As the co-creator of Saw, Leigh Whannell is notorious for putting audiences through the wringer — at least in the first three movies in the grisly series — by concocting various bone-breaking contraptions and flesh-ripping challenges. But in his latest, The Invisible Man, the Melbourne-born filmmaker, 43, didn’t rely on any torture devices to wind viewers up. In fact, you hardly see the perpetrator.

Produced by Jason Blum, the sci-fi horror, Whannell’s third film as director — after 2015’s paranormal activities-packed Insidious: Chapter 3 and Upgrade, the 2018 cyberpunk thriller about a quadriplegic getting AI implants — stars Elisabeth Moss as Cecilia, a woman trying escape her abusive ex Adrian (Oliver Jackson-Cohen), who continues to stalk her with a cloaking suit he invented.

When 8DAYS.SG catches up with Whannell over the phone from LA recently, The Invisible Man topped the American box-office over the weekend with US$28.2 million (S$40 million). At press time, it has grossed nearly US$100 million worldwide — not bad for a movie that cost US$7 million to produce.

After a whirlwind press tour, Whannell is happy to spend a quiet weekend in LA. “Last night we had a little celebration in a restaurant with people who worked on the film,” says Whannell who began his career as an actor appearing in the long-running Aussie soap Neighbours. “It was really fun and low-key,” he adds.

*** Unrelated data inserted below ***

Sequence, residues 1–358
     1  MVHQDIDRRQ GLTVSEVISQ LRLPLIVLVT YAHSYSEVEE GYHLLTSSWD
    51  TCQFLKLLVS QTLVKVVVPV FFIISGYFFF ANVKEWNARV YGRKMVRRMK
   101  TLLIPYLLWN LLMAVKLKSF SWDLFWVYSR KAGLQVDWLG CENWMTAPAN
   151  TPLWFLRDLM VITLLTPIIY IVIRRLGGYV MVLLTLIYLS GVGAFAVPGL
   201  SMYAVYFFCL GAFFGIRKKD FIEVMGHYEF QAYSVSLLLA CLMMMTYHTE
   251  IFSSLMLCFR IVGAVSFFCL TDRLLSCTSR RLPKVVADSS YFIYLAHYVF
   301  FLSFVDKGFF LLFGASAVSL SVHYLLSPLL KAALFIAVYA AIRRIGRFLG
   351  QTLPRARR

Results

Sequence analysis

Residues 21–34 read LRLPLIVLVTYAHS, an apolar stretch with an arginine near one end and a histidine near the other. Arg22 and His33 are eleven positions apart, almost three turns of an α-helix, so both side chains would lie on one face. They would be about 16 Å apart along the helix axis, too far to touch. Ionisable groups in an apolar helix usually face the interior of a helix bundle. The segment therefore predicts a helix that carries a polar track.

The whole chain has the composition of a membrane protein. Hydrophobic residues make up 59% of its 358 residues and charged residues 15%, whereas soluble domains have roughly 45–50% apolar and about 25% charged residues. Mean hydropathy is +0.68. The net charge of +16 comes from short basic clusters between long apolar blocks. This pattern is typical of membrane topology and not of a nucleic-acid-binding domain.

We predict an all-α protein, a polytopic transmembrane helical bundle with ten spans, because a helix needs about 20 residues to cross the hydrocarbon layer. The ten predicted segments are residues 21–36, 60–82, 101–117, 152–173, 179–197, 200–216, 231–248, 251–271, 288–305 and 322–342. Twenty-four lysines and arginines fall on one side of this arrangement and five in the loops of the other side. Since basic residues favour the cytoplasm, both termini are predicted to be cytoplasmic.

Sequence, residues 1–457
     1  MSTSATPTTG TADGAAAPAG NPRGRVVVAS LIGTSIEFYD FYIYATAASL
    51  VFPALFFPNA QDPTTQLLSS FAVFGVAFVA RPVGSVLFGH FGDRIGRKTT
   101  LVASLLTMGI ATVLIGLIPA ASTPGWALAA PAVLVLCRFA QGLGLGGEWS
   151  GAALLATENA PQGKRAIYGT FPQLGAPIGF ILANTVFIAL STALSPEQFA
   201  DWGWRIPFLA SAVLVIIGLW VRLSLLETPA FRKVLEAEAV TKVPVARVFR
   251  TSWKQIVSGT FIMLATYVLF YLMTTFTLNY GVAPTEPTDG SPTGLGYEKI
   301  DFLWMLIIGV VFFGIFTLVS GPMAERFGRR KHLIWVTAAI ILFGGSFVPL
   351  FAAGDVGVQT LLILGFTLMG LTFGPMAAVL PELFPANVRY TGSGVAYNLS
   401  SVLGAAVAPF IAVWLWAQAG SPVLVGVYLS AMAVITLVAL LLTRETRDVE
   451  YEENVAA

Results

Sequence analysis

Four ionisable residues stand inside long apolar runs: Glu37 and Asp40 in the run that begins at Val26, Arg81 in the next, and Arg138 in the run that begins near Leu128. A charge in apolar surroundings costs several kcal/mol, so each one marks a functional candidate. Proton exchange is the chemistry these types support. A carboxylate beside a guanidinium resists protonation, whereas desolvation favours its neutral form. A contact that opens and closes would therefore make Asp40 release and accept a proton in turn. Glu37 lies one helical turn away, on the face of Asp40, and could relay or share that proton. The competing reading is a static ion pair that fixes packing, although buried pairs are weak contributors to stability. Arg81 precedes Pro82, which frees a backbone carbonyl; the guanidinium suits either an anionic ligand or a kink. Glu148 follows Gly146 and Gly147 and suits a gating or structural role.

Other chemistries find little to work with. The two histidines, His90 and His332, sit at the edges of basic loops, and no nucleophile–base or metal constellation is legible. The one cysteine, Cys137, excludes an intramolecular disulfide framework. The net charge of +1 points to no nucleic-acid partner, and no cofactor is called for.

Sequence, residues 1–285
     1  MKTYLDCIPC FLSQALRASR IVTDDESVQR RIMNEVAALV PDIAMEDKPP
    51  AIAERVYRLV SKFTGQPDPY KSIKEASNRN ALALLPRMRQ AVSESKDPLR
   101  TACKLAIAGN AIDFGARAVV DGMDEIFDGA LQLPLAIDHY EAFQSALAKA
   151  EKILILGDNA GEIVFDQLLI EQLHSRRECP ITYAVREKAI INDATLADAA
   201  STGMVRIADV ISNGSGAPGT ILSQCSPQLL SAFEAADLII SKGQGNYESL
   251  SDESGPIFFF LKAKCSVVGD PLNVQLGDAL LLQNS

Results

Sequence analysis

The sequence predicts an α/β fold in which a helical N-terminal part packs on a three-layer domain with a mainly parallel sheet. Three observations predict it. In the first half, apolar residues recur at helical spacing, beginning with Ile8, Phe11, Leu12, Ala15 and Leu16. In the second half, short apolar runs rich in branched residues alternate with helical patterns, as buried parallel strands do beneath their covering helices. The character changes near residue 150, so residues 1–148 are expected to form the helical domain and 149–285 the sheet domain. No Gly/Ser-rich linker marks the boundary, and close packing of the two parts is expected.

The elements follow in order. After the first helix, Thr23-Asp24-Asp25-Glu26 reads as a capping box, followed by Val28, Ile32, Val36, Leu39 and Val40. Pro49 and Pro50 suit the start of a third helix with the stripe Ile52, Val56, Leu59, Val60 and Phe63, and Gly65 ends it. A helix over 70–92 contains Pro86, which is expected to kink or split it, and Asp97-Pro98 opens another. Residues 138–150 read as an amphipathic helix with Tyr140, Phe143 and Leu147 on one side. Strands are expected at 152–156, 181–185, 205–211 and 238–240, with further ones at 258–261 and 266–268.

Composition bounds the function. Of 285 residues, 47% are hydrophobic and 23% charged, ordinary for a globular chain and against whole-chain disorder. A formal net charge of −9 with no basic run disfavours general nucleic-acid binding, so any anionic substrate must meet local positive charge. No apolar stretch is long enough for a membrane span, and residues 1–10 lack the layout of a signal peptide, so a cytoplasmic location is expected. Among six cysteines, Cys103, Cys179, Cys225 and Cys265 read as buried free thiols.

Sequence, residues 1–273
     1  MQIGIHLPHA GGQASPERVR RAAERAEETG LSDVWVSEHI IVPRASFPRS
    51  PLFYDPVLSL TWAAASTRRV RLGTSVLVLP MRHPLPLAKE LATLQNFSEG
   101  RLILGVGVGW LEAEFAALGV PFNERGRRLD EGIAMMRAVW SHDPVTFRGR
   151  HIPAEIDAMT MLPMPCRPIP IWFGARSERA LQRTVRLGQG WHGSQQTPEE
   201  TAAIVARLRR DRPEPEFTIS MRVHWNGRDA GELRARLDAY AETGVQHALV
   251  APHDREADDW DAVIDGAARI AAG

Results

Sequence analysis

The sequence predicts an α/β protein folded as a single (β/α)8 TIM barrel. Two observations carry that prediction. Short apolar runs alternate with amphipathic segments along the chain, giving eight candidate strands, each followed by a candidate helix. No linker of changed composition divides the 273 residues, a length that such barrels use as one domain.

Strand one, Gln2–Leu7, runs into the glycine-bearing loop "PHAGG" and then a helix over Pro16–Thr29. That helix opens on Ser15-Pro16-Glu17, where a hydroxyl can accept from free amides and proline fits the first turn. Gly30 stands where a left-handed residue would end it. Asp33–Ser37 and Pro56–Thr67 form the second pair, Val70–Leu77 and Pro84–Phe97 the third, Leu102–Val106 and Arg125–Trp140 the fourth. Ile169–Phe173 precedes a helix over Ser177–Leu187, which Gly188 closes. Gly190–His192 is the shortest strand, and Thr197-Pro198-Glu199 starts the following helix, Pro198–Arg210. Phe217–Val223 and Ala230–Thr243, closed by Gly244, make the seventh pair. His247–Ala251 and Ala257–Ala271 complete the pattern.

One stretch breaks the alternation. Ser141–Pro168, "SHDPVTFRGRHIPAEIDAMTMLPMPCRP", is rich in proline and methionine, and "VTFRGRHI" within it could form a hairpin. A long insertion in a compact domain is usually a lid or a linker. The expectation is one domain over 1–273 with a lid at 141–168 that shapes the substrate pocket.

It’s also a great time for Whannell to play catch up with his three kids — daughter Sabine Silver, seven, and twin sons Jones Grey and Wren River, two. “Obviously, when you are making a movie, you have to be away a lot,” he tells us. “I just want to reconnect with them.” Here we interrupt his family time (sorry!) and ask him what is his favourite part of the villain's lair. 

WANT MORE? CHECK THESE OUT

WANT MORE? CHECK THESE OUT


STORIES YOU’LL LOVE